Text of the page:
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August 11, 1978 - Image 14

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Publication:
Michigan Daily, 1978-08-11

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Page 14-Friday, August 11, 1978-The Michigan Daily
SMALLER INCIR
Wholesale foodprices

WASHINGTON (AP) - Wholesale
food prices declined in July for the first
time in 10 months, giving consumers
the prospect of relief this fall from ever-
rising prices at grocery store counters,
the government reported yesterday.
While the Labor Department's index
of wholesale food prices decreased by
0.3 per cent last month, overall
I don't think this indi-
cates a declining trend of
food prices. It means the
rise in food prices will be
more moderate . . . this
one bit of good news for
July does not mean the
price problem is over at
all.'
-Lyle Gramley, a
Carter economic
advisor
wholesale prices rose by 0.5 per cent.
Nonetheless, the overall increase was
the smallest in five months, the depar-
tment said.
GOVERNMENT officials said that
because of the declining wholesale food
prices, consumers can expect their food
bills to go up more slowly in the next
few months because farmers and
processors are charging less for their
products.
"We would expect to see smaller in-
creases in retail food prices, probably
within a month or two," said John
Layng, assistant commissioner of labor
statistics.
He said some of the improvement in
prices, particularly in beef and pork,

may start showing up immediately at
supermarkets. But officials also
cautioned that consumers should not
expect retail food prices to drop.
LAYNG SAID that while wholesale
food prices were declining, the cost of
other products went up 0.8 per cent, ac-
counting for the overall 0.5 per cent in-
crease.
"I don't think this indicates a
declining trend of food prices," said
Lyle Gramley, an economics adviser to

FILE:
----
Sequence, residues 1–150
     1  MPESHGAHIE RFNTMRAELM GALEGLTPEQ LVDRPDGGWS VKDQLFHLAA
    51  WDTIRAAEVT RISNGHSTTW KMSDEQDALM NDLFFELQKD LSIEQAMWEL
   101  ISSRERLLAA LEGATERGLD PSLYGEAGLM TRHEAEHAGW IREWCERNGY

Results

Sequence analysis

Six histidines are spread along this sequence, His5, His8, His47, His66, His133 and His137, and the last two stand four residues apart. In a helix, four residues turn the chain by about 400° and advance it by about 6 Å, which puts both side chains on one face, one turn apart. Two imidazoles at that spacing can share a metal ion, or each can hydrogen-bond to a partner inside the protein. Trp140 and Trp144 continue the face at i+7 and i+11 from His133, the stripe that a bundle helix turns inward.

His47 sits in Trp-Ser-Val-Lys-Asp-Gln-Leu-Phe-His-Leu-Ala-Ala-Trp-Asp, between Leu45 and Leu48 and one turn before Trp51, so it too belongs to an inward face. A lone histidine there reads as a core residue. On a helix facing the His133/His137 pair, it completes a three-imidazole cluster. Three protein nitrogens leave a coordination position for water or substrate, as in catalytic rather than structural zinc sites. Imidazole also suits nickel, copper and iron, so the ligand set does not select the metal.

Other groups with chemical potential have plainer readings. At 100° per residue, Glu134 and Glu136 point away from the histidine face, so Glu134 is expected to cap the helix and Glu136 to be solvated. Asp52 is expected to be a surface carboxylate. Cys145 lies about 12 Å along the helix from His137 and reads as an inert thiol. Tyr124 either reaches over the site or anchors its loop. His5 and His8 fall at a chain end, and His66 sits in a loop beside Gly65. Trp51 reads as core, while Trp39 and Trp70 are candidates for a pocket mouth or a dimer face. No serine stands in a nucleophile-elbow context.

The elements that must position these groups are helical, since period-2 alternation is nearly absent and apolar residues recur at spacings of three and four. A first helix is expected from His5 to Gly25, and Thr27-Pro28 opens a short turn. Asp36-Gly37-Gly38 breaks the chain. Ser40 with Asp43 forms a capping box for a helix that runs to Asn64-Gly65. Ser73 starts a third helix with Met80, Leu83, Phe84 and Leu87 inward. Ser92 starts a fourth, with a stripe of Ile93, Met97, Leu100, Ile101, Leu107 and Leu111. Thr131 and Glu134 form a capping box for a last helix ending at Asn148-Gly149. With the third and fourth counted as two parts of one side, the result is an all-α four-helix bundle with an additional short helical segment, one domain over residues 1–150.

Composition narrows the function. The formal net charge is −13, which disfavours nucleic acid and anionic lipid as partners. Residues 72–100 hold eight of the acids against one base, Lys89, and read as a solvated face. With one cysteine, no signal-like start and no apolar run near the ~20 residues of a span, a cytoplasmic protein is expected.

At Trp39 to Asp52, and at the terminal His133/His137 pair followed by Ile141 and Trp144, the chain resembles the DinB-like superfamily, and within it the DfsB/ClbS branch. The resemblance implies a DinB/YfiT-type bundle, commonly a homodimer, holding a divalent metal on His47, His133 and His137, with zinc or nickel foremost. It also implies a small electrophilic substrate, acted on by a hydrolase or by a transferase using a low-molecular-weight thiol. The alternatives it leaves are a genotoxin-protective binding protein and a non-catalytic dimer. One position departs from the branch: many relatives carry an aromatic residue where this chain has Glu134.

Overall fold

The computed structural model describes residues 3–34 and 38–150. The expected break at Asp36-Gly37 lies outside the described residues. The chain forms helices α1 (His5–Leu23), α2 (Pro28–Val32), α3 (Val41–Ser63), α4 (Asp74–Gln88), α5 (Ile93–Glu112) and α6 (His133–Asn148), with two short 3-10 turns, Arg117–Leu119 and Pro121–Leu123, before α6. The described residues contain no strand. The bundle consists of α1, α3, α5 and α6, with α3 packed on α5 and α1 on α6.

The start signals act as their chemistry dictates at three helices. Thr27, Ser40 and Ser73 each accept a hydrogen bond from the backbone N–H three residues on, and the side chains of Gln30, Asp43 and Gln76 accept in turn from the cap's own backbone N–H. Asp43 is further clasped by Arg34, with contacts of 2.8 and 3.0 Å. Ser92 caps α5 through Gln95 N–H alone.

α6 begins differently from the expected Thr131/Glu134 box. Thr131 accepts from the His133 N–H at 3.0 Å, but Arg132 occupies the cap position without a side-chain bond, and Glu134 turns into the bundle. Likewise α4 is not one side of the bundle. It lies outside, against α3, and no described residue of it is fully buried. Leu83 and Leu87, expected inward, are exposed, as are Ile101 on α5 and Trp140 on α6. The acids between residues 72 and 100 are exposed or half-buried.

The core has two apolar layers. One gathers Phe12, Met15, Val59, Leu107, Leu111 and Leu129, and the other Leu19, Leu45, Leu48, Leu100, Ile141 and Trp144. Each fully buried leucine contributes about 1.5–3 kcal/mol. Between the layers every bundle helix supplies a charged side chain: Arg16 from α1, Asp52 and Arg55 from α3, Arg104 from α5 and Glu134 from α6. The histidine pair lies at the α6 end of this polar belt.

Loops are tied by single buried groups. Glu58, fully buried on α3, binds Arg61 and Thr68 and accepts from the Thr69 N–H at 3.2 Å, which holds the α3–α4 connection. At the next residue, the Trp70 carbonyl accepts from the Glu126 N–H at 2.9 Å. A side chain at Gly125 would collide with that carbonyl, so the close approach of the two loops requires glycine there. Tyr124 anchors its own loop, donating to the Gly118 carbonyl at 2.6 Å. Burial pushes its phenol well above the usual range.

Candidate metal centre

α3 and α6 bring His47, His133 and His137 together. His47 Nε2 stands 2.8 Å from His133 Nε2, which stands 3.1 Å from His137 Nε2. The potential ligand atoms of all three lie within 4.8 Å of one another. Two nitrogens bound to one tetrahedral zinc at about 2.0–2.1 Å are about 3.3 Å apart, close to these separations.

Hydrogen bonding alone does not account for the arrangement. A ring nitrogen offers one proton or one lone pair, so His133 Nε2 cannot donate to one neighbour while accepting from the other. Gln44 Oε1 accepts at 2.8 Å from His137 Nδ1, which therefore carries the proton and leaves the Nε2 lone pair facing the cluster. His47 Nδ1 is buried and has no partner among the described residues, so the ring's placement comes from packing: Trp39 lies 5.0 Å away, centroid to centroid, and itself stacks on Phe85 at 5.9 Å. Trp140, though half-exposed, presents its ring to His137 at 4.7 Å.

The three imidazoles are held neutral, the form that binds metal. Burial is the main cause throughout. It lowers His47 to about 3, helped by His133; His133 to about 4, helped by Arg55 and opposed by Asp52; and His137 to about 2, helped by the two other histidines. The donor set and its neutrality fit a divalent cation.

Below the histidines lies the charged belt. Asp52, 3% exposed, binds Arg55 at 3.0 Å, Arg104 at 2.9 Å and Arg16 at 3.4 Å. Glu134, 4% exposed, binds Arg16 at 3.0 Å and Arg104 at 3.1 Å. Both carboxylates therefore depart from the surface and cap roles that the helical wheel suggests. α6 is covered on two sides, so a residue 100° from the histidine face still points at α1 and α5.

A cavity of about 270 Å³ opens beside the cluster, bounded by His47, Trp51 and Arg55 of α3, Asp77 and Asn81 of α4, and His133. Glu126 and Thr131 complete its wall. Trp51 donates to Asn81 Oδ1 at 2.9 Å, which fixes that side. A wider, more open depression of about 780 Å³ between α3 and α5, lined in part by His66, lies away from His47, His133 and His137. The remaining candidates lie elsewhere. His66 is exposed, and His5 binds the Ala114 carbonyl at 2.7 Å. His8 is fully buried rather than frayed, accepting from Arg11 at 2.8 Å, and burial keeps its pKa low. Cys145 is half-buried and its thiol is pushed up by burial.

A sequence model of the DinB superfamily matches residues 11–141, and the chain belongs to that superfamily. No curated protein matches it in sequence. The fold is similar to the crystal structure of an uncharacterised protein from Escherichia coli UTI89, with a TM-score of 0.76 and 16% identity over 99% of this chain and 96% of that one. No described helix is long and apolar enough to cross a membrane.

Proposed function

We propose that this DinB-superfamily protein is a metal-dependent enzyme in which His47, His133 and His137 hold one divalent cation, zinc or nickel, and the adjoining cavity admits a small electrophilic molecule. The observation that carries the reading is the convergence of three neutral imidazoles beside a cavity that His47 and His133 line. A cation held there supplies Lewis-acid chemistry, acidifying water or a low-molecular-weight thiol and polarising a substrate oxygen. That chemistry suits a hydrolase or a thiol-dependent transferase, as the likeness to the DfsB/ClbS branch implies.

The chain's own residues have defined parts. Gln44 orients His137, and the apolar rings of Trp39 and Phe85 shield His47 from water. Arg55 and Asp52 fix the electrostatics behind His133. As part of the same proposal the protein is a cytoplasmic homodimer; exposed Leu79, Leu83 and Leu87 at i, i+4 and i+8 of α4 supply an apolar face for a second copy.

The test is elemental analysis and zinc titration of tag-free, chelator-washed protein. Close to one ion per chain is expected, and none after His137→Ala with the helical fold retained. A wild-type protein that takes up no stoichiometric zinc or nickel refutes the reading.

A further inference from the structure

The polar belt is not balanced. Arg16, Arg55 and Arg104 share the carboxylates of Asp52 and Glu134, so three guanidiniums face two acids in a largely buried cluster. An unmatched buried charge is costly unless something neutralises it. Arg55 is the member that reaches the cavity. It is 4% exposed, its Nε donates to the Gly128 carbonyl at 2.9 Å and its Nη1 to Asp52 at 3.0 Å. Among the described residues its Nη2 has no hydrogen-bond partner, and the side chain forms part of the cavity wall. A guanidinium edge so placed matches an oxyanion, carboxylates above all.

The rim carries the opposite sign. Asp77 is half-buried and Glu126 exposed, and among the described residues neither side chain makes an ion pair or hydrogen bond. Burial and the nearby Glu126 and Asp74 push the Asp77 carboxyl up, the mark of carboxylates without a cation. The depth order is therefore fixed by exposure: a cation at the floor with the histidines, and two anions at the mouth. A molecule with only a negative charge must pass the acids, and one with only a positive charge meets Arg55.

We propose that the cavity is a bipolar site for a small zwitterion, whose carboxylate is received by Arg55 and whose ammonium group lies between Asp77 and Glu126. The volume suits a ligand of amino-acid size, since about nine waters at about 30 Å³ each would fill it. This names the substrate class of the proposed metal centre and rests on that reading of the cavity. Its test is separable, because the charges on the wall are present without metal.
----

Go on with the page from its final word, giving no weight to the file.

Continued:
President Carter. "It means the rise in
food prices will be more moderate."
Gramley added, "This one bit of good
news for July does not mean the price
problem is over at all."
THE DEPARTMENT said the
decline in food prices was the first in 10
months and followed sharp increases
averaging 1.3 per cent per month in the
first half of 1978.
Meanwhile, prices were accelerating
for jewelry, furniture, home applian-
ces, passenger cars, tobacco and health
products, the report showed.

tEASES AHEAD
'down, for a change
Contributing most to the decline in go up 10.4 per cent in 1978. The ad-
wholesale food prices were sharp drops ministration is counting on slower in-
in costs of beef and pork. creases in food prices to hold inflation
to 7.2 per cent.
IRONICALLY, higher beef and pork Economists were encouraged by
prices alone had helped cause food lower food prices at the earliest stages
prices to go up nine per cent in the first of production - at the farm. Crude food
six months of the year. prices declined 2.5 per cent, the largest
Economists said the supply of beef drop since August 1977. The cost of food
may have increased, while the demand at the intermediate stage of processing
may have declined, causing prices to go went up 1.5 per cent, but most of that
down, was attributed to higher prices for
Prices also dropped for rice, animal feeds.
vegetable oil products, and coffee. The Labor Department measures
However, wholesale prices increased wholesale prices from a variety of
for fruit, vegetables, fish, bread, flour- goods nearly ready for the consumer,
based mixes and eggs. called finished goods. The Producer
THE DECLINE in food prices was Price Index for finished goods was
not as sharp as some private 195.9, meaning that products costing
economists had predicted. However, it $100 in the base period of 1967 cost
was encouraging to the Carter ad- $195.90 last month.
ministration which has been trying to The index was 8.1 per cent higher
persuade unions and businesses to hold than in July 1977. The 0.5 per cent
wages and prices down. overall wholesale price increase in July
If the inflation rate of the first six followed consecutive gains of 0.7 per